Poor Performers Set To Bag Bonus Due To Flaws
Flaws in contracts to provide the Government's flagship welfare-to-work scheme means tens of millions of pounds of taxpayers' cash faces being paid out in bonuses to even the worst performing firms, according to the Whitehall spending watchdog.
Incentive payments were supposed to reward high performance in the Work Programme, where providers are paid to help get the unemployed into long-term work.
But the National Audit Office (NAO) said the performance measure chosen by the Department for Work and Pensions (DWP) meant all 40 main contractors involved in the scheme were expected to qualify for them.
The NAO report stated: "Flawed contractual performance measures mean the Department will have to make incentive payments to even the worst performing contractors."
The cost to the public is likely to be around £31m in 2014-15, while using a more accurate measure of performance would mean just £6m being paid out.
Overall, the DWP faces paying out £61m in the period to 2017-18, while the NAO said it should have cost around £17m.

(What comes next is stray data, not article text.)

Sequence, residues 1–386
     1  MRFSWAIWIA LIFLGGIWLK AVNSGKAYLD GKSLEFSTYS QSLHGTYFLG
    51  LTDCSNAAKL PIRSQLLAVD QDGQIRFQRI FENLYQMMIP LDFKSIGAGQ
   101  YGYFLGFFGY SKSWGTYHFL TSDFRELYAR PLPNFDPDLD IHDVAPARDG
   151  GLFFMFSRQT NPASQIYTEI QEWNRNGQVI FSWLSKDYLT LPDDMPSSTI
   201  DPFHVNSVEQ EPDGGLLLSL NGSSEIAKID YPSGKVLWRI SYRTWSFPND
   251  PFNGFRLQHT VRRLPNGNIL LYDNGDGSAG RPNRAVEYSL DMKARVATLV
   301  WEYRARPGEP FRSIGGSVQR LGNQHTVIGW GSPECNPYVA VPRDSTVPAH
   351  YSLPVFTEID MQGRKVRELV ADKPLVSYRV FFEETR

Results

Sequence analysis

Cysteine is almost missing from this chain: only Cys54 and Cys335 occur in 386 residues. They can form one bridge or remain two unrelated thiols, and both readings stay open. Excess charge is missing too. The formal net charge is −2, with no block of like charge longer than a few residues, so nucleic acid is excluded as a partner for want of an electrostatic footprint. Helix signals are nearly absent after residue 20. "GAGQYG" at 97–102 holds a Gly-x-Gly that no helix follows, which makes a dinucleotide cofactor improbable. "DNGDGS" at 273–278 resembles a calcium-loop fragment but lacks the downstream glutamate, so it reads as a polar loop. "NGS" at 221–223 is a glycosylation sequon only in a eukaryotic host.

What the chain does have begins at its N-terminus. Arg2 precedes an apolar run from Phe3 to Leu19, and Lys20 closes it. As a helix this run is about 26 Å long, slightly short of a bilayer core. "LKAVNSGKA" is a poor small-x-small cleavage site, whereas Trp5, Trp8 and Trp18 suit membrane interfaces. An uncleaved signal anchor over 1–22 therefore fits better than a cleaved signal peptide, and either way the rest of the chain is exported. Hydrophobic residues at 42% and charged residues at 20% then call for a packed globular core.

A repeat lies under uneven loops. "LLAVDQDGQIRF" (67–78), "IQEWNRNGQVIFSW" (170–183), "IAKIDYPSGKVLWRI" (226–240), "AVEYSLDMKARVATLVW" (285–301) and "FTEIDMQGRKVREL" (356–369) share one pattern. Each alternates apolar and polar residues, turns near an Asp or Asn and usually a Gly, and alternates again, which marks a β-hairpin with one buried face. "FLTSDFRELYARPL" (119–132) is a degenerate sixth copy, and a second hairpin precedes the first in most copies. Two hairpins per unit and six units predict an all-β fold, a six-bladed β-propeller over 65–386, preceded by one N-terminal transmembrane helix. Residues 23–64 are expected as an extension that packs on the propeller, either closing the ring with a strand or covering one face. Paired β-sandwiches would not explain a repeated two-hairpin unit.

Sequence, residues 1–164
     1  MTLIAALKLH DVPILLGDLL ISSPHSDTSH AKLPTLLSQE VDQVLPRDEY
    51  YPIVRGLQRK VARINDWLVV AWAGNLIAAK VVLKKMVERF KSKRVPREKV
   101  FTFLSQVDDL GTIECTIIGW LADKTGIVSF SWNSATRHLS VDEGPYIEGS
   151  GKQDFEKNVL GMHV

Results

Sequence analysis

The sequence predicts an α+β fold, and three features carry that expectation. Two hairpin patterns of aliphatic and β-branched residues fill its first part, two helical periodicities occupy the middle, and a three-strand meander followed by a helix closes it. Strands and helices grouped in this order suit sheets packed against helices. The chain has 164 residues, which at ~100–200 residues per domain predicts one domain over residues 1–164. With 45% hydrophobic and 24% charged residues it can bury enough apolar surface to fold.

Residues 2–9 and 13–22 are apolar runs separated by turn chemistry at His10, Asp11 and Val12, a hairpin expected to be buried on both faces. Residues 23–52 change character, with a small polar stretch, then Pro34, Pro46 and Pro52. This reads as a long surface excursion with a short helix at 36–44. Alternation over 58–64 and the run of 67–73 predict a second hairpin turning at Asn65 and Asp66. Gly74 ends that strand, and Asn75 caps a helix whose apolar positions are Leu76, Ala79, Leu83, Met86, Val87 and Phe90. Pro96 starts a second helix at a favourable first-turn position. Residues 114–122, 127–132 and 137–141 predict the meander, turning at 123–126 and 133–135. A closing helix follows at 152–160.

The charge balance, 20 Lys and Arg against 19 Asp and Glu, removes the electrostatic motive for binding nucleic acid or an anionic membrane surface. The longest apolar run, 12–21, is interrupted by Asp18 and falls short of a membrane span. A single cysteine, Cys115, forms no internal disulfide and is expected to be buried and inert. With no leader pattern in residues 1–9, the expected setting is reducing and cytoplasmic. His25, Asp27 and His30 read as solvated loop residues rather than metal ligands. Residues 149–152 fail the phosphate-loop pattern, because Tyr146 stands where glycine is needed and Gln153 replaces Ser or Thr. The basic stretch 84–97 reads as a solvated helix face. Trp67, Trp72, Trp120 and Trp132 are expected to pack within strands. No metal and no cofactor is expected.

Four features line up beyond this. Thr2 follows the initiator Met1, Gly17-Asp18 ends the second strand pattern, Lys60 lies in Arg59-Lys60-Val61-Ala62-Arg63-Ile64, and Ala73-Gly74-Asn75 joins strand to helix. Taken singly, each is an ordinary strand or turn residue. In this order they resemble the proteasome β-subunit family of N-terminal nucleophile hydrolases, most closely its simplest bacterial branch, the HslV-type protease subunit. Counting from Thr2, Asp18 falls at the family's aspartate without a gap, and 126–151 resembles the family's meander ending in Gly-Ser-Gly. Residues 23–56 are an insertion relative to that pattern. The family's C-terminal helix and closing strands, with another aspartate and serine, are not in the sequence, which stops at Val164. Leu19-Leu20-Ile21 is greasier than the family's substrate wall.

The NAO has also said the way the contracts were drawn up also made it more expensive to sack poor-performing providers.
And despite claims by ministers that the Work Programme would be an improvement on previous schemes, the NAO said that the actual performance levels were very similar.
Figures for the most recent group to have gone through the scheme showed just 32% of the participants found jobs - still below the DWP's minimum performance level of 33% and well below its original forecast of 39% and the 42% predicted by the contractors themselves.
Performance for the harder-to-help groups was also below expectations, with only 11% of claimants of employment and support allowance (ESA) - paid to those with disability or long-term illness - finding work compared to a forecast of 22%.
Margaret Hodge, the chair of the Commons' Public Accounts Committee, which oversees the work of the NAO, said she was "angry" at the failure of the DWP to help those who needed it the most.
But the Employment Related Services Association (ERSA), representing Work Programme providers, insisted the scheme was working well.
"It's quite an achievement that performance is the same level as predecessor programmes despite there being less cash in the scheme and a more challenging economic backdrop," said ERSA chief executive Kirsty McHugh .
Unusually, the report was not signed off by the DWP prior to publication on the grounds that it did not reflect its view of "the relevant facts".
The department said that no incentive payments had been made so far, and that any future payments would be included in ongoing contract negotiations.
A DWP spokesman said: "Even starting in the recession, the Work Programme performed as well as previous schemes, and with performance improving rapidly it's on track to deliver significantly more jobs than previous schemes."